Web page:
These two stewpots live on top of the kitchen cupboards. They are nice decorative items, I feel, but they are also very useful and have sentimental value. They are definitely not amongst the things destined for the Oxfam shop.

The small one was a gift from a neighbour when I was about sixteen. At the time I thought it a very strange thing to give to a young girl who was more interested in The Beatles than beef stew. We were living with my grandmother then and the old lady next door died. Her husband, Mr Smith, was obviously clearing out things he didn't need, or maybe that he couldn't bear to have around him any more, and he gave me her stewpot. I recognised that it was a big deal for him to give it away and accepted it gratefully. I have only used it a few times.

The larger one is in regular use. It was my grandmother's. I remember her making beef stew in it throughout my childhood, which makes it over fifty years old. It is possible that she bought it early in her married life so it could be anything up to eighty years old.

When I was a child, ¾ lb of stewing beef with loads of vegetables and stock would go into the pot and cook in the old range for hours and hours. This would feed five of us easily, once the plate was piled up with even more vegetables (from the garden of course). As a special treat my grandmother would make herb dumplings and drop them into the pot towards the end of the cooking time. Crispy on top and fluffy inside, they were scrumptious. I have never been able to make any that taste as good. As an even greater treat, we would have the stew with home-made chips. Bliss.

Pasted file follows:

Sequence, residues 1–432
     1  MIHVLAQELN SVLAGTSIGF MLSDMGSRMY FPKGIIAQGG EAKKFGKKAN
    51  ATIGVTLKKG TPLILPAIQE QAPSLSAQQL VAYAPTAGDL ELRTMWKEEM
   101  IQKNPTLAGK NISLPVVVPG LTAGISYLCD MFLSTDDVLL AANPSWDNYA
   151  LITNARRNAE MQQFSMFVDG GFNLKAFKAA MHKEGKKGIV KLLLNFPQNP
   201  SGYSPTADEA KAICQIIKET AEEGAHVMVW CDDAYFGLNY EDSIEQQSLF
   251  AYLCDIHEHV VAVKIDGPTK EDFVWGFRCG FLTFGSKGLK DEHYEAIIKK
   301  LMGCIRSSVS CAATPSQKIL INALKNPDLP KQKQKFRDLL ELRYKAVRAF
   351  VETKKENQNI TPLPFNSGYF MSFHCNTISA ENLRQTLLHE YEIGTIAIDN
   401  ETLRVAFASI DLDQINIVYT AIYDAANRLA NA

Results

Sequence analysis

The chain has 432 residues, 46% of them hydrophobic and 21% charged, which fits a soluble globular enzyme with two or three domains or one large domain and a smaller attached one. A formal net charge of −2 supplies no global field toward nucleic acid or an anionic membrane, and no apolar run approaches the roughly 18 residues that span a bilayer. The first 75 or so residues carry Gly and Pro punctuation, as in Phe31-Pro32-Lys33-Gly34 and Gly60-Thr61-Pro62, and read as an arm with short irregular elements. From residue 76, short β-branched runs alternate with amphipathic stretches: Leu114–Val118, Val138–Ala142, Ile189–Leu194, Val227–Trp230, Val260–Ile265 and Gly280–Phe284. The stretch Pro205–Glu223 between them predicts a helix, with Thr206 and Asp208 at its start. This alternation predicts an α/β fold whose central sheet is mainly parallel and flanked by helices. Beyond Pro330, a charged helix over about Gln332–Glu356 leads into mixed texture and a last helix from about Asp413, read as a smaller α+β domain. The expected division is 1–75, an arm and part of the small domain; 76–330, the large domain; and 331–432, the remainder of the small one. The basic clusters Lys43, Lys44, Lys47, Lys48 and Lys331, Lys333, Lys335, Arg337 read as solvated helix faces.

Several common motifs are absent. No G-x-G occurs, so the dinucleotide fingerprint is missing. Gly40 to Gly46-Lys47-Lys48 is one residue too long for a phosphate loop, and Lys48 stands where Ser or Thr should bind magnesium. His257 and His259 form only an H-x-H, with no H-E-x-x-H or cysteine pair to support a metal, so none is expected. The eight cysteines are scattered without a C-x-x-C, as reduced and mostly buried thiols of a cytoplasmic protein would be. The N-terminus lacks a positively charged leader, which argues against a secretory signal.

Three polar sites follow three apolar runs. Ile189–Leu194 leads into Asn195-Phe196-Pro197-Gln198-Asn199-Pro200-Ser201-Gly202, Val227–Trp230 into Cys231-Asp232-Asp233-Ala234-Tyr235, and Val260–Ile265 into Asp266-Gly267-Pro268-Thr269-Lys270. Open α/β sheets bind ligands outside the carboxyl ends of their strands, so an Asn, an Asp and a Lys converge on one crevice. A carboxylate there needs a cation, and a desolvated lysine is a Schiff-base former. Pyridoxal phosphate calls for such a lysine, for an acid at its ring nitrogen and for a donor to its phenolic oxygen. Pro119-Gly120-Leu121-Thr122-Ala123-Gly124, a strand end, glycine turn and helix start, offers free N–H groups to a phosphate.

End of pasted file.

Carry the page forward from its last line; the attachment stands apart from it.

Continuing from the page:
My mother used the pot herself after my grandmother died - to say she inherited it sounds too grand. She just carried on using it. She then gave it to me when I first set up home by myself in the early 70's. I have used it regularly ever since. It goes into the dishwasher and comes out sparkling every time.

They were probably made by Pearsons of Chesterfield. In the 1800's there were many small pottery factories in Chesterfield and Pearsons was the biggest, outliving all the others but finally closing in 1994. During the 70's and 80's I acquired several pots and dishes made by them. I have few of them left now but I can't see me ever parting with my grandmother's or Mrs Smith's stewpot.

13 August 2010


We are having a typically disappointing summer in our patch of the UK. It happens every year. We get some proper summer days in June and July, then as soon as the schools break up for the six-week holiday, it all goes pear-shaped.

Today is particularly dismal. Grey, drizzly and actually quite dark. So I looked back on the photos I took during my "girls weekend" in Le Grand-Pressigny at the beginning of August and these flower pictures cheered me up.


This is a dahlia that Nick planted last year. It was not in bloom when he saw it in July. I hope it stays in flower for another couple of weeks so he can see it for himself.